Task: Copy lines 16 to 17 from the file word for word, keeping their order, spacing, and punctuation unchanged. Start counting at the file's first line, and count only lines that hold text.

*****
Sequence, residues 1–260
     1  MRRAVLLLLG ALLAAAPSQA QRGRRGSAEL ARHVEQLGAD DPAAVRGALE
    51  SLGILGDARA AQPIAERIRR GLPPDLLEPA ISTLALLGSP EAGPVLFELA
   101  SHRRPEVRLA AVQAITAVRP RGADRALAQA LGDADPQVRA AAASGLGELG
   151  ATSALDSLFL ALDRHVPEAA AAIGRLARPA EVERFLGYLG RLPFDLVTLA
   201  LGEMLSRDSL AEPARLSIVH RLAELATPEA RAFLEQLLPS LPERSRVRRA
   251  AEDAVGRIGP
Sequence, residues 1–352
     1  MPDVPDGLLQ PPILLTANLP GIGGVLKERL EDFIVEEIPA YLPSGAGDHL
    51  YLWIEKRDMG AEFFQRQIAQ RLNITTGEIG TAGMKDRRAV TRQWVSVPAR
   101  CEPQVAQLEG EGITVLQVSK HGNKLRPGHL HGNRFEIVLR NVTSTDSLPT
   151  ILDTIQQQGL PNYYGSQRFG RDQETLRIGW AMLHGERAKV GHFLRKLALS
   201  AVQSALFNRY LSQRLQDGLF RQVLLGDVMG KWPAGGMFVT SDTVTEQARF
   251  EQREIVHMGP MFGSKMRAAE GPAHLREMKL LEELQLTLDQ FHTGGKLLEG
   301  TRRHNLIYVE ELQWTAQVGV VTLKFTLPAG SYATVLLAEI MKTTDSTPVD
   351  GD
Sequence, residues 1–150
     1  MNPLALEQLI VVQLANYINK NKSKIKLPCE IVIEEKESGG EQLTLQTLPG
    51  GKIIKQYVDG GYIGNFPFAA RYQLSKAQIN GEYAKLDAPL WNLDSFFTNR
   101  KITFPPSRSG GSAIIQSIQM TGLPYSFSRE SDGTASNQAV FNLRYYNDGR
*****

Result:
   351  GD
Sequence, residues 1–150